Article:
Asia hedge funds largely avoided the Reddit turmoil that hammered some global peers last month, with many posting gains led by LyGH Capital and Pinpoint Asset Management. Snow Lake Capital and WT Asset suffered losses.
Asia managers that bet on rising and falling stocks using fundamental analysis were little changed in January, while those focused on China managed a 1.2% rise, according to a Goldman Sachs Group Inc. note to clients. That compared with the 5.9% average loss by global funds, Goldman said.
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The final week of the month saw funds give back some gains in an otherwise strong start to the year. Equity markets plunged on fallout from the short squeeze sparked by retail buyers of GameStop Corp. and other stocks. A liquidity crunch in China also hurt mainland stocks last week.
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Still, early indications from investors are that more Asia funds were up for the month than down, which could help attract more money to the region.
“It was a very good month up until last week, until China tightened liquidity, everything got sold off,” said Richard Johnston, Asia head of Albourne Partners, which advises investors on alternative investments. “For most people, that dominated anything that happened in the short squeeze.”
LyGH Capital’s hedge fund returned an estimated 8.2% after fees in January, driven by solar-related stocks and investments in consumer and technology companies, according to Grace Lu, chief investment officer of the Singapore-based stock picker with about $500 million in assets.
Pinpoint’s $1.7 billion namesake China fund returned 8.4%, gaining from themes including solar, domestic consumption and “made in China” hardware and technology, said Jennifer Wong, a managing director. Its $1.4 billion multi-strategy fund edged up 1.3%, making money from autos, higher education and the online economy.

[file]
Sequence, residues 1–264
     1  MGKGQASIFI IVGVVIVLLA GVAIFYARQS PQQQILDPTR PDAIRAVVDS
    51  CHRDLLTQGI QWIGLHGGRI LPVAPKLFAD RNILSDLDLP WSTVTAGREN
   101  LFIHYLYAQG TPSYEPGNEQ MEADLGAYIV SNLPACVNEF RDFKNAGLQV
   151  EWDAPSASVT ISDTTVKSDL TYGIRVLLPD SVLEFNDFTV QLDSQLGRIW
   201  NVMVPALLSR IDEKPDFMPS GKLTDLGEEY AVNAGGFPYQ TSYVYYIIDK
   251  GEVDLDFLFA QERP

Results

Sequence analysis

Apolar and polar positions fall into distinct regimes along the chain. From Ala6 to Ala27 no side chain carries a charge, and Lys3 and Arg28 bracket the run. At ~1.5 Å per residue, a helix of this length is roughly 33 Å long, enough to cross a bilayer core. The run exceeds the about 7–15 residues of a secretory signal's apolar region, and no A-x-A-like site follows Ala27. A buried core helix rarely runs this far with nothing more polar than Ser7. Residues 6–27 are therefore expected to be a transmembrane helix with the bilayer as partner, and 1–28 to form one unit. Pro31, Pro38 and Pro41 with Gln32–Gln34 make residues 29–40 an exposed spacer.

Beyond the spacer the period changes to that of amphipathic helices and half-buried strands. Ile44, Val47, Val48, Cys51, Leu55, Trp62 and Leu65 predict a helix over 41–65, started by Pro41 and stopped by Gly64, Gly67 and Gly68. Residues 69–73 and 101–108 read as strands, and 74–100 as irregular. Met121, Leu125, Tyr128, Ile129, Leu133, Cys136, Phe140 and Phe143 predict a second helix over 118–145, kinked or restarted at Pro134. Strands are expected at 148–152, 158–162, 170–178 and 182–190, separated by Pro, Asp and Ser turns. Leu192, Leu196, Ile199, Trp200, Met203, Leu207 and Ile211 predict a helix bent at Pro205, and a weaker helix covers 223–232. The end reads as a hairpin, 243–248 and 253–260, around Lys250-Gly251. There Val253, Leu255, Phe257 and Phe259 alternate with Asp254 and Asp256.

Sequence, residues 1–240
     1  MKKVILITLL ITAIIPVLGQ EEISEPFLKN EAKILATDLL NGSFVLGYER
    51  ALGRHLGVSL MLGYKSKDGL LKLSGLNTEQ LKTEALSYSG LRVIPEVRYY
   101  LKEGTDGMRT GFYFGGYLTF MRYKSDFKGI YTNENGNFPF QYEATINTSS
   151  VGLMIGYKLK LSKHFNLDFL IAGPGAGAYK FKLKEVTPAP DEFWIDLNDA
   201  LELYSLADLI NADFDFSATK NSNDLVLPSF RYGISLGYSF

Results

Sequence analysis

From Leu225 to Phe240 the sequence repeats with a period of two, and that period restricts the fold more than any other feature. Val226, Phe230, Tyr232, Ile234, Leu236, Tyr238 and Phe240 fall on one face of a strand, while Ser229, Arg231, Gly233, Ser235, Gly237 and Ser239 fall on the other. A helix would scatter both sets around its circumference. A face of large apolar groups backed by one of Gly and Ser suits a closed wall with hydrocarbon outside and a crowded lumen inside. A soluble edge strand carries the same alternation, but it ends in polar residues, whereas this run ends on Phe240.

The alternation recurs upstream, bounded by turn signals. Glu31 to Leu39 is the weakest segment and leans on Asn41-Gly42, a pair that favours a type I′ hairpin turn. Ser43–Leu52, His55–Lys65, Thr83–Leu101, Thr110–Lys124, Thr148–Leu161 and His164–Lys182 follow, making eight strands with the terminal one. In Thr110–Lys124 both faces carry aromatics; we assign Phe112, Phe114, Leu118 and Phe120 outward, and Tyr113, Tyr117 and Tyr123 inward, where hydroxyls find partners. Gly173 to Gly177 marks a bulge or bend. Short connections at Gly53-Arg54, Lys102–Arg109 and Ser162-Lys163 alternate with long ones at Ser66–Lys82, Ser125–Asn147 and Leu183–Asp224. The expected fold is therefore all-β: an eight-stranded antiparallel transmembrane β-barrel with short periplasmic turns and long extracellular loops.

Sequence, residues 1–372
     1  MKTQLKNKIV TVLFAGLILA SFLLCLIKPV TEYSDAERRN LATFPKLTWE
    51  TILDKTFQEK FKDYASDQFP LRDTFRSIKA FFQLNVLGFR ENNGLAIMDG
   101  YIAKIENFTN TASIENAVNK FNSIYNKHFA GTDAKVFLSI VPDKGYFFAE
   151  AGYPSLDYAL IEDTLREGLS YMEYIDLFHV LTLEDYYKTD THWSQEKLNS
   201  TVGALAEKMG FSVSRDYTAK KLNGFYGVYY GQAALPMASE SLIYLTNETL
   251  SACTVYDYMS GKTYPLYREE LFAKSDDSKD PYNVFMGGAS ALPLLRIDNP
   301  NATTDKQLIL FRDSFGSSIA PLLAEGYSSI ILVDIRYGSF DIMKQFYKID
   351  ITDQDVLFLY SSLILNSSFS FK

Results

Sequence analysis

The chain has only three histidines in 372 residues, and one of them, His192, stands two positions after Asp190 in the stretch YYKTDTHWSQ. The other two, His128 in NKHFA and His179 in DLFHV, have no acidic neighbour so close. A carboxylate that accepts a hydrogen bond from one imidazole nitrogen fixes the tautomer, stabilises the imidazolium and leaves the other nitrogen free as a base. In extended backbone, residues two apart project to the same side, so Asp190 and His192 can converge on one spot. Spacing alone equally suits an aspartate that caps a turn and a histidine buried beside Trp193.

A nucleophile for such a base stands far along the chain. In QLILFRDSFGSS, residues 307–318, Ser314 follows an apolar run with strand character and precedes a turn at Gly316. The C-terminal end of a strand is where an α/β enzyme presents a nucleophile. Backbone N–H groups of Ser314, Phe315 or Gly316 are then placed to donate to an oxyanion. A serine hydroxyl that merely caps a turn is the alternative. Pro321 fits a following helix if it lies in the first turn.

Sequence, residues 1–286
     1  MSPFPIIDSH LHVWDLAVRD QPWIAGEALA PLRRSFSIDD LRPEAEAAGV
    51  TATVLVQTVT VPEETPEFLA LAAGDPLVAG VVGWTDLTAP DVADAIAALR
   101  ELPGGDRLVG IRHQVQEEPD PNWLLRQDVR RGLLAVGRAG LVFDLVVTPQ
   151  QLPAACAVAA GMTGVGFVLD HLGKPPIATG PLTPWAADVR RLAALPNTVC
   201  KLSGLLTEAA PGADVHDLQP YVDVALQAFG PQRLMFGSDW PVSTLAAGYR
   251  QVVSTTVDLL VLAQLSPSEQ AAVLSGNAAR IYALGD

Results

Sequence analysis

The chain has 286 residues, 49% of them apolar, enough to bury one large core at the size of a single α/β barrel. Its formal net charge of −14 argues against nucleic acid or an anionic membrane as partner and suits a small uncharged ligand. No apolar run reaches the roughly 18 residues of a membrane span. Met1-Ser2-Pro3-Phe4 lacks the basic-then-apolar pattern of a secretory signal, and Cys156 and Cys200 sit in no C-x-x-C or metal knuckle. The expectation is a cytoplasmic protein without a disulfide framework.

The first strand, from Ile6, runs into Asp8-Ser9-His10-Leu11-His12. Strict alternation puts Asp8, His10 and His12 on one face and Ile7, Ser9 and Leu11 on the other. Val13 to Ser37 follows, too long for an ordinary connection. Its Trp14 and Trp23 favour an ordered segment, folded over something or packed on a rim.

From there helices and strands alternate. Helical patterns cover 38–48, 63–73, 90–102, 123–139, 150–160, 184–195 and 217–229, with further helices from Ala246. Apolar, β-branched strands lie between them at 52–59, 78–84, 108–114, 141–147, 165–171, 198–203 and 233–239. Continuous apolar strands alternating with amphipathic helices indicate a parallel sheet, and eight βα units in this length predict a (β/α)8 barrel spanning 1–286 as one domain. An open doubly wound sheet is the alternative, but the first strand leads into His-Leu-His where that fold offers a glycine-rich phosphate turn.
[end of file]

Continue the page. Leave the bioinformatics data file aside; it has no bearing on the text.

Among decliners, Snow Lake, which oversees $3.6 billion, saw its Asia-focused hedge fund drop 8.9%, said a person with knowledge of the matter. The losses were mostly driven by bullish bets that declined. Shares of Macau casino operator MGM China Holdings Ltd. slumped 12% on the month as the gambling hub reported its first Covid-19 case since June. Snow Lake is the largest independent shareholder and has been urging it to sell a 20% stake to a Chinese backer.
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The fund returned nearly 22% last year. A representative for Snow Lake said they couldn’t comment.
WT Asset Management’s hedge fund lost an estimated 10% on bearish wagers, said a person familiar. That’s after last year’s 61% surge and a 200% gain since its 2017 inception. The fund has posted high-single digits annual gains on its short bets since it started, the person said.
Other notable funds:
- E-commerce, property services and renewable energy helped Torq Capital Management (HK) post a 2.5% return, said a person with knowledge of the matter. Led by a former Asia head of Balyasny Asset Management, it had a “mid-teens” gain for 2020 on its market-neutral strategy, as assets passed $1 billion. A representative for Torq said they couldn’t comment.
- Ovata Capital Management’s $650 million Asia- and equities-focused multi-strategy fund returned about 4.6%, the third-best month since its November 2017 inception. That adds to the 19% gain last year, according to Marc Hubert, head of new products and business development.
- Ovata profited from the pricing gaps between Chinese companies’ American depositary receipts and Hong Kong-traded shares, along with stock and convertible bond sales.
- The $2.3 billion Dymon Asia Multi-Strategy Investment Fund returned about 1.3% net in January, according to a spokesperson. Its Asian equity long short and rates strategies contributed most of the returns while currencies also made small gains.
China’s benchmark CSI 300 stock index rose 2.7% on the month, while the Hong Kong gauge added 3.9%, outpacing the 1.1% drop in the U.S. S&P 500 Index.